Like most teenage girls, the last thing Lisa Edwards wanted to do was be seen with her father.
So when he suggested a trip to the Biltmore estate in Asheville, N.C., for her sister Lynn and her, the girls were, well, less than enthusiastic.
Edwards had been on similar excursions before.
Her father, Robert McAllister, loved history. When you went to New York City, you saw the Empire State Building and the Statue of Liberty. A visit to Memphis meant going to Elvis Presley's Graceland, as well a side trip down the road to Tupelo, Miss., to see the simple home where Elvis was born.
And if you saw a historic sign while driving down the road, be prepared: Robert McAllister would make a sudden U-turn, often sending the sugar skittering across the interior of their Winnebago as he returned to the site, pausing to read and reflect.
As they made their way to the Biltmore, Lisa knew she would not be impressed with the history. That was her dad's thing.
They walked from the parking lot to the mansion. As they came out of the trees and turned toward the mansion, Lisa was overwhelmed by the grandness and vastness of George Vanderbilt's country estate.
About a year later, Robert McAllister died of lung cancer.
Lisa went on to earn a degree from the University of South Carolina-Aiken, find romance and marry. With the birth of the first of two children, she became a stay-at-home mom. After 18 years of marriage came a divorce, and Lisa, who lives in Fort Mill, faced reality: How would she provide for her family?
A 9-to-5 job did not interest her. She wanted to be available when her children needed her. She wanted her job to be "something I loved." She would not rush into the wrong thing.
"I wanted to make the right decision for the three of us," Lisa said.
The right thing, the job she loved, came in the mail in a newsletter sent to people holding season passes to the Biltmore. There was a story about Biltmore Inspirations, a new direct-sales effort where consultants would hold home parties, selling items inspired by the estate and available only through the parties.
She slowly read the article, afraid it said the effort was a success and all the positions filled. The article, however, said Biltmore Inspirations was seeking consultants.
She discussed it with her children, Grady, 14, and Caroline, 12. They talked about how things might change if she became a consultant. Neither mom, son nor daughter anticipated what happened.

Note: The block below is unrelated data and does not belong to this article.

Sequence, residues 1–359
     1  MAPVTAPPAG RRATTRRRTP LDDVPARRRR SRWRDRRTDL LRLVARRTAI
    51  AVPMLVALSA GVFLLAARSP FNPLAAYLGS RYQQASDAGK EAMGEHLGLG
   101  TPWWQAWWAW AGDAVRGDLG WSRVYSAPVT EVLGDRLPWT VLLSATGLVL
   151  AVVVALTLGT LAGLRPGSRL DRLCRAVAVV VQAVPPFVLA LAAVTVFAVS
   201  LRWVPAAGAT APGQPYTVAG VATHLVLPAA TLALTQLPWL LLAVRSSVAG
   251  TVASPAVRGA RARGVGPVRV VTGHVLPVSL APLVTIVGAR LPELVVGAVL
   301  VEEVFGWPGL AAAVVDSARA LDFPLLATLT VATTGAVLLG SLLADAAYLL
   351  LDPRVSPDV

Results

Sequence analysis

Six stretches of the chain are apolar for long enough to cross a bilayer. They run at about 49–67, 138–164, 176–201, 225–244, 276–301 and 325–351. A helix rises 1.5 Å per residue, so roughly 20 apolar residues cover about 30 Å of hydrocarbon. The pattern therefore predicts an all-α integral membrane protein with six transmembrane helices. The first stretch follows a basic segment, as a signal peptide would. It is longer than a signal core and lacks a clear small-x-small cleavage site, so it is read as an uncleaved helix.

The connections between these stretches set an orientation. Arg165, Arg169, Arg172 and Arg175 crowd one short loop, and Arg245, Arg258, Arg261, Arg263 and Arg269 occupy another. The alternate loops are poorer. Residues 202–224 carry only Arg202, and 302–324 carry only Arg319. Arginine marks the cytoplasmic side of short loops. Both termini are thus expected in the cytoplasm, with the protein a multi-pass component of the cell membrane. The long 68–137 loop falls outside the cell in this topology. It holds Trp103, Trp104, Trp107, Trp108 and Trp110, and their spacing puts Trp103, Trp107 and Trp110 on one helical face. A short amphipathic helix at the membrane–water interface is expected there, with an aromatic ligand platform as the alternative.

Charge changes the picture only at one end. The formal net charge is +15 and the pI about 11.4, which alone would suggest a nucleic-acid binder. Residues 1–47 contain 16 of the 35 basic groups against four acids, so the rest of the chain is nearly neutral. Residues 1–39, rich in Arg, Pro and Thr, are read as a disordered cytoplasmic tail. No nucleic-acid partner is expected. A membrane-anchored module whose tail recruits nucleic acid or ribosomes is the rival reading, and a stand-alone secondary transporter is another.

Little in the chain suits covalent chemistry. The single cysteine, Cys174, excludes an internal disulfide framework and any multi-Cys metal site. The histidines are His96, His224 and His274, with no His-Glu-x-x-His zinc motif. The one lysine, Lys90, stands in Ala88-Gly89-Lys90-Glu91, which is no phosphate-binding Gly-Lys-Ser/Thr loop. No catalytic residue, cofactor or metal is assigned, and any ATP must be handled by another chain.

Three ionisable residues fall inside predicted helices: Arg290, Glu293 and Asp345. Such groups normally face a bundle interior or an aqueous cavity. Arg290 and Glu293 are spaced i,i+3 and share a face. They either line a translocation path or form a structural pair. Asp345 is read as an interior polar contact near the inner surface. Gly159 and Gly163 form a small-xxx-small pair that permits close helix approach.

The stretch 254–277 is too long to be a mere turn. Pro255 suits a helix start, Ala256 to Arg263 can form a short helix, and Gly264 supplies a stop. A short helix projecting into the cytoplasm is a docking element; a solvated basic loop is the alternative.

Becoming a consultant, "changed my life," said Lisa, 46.
She went from being a stay-at-home mom who was sometimes afraid to answer the telephone, to a hostess standing before home parties, as well as a trainer, discussing how to sell Biltmore Inspirations products at the company's regional meeting in Atlanta.
Biltmore Inspirations "showed me all the things I could do," Lisa said.
It also rekindled the passion for the Biltmore instilled by her father. To this day, when she revisits the mansion, she repeats the walk she made with her father.
"It's our moment to remember and to make new memories," she said.
"While it's not mine, I knew here was a home I could come to," she said. "It was a place I could come and remember the special times in my own life."
The passion now includes a love of the home's history and all its details - all 250 rooms, which includes 34 bedrooms, 43 bathrooms and 65 fireplaces. Many of the details inspired Biltmore Inspirations items.
Her passion and Biltmore trivia have become part of her sales routine. She tells guests her Biltmore memories and asks them to share theirs. She holds a trivia contest. Those with the most right answers get small items from the Biltmore Inspirations collection.
Most of the party guests are women. Yet Lisa is quick to point out that the mansion - the Grand Lady on the hill - was furnished by George Vanderbilt when he was a bachelor. The paintings, porcelains, bronzes, carpets and furniture were purchased on a grand tour of Europe and south Asia.
While sales are important - an average party nets her about $600 - she says the atmosphere is as important. She wants people to come and relax, celebrate in style, feel they are in a safe refuge and feel better when they leave - the atmosphere George Vanderbilt created for his family and guests more than 100 years ago.
"I'm proud to be part of that legacy," Lisa said.
Proud, she said, because proceeds from Biltmore Inspirations are used not only to preserve the estate, but also for donation to Habitat for Humanity.
"I need to become part of something bigger," Lisa said. The Biltmore, she said, "has become my why."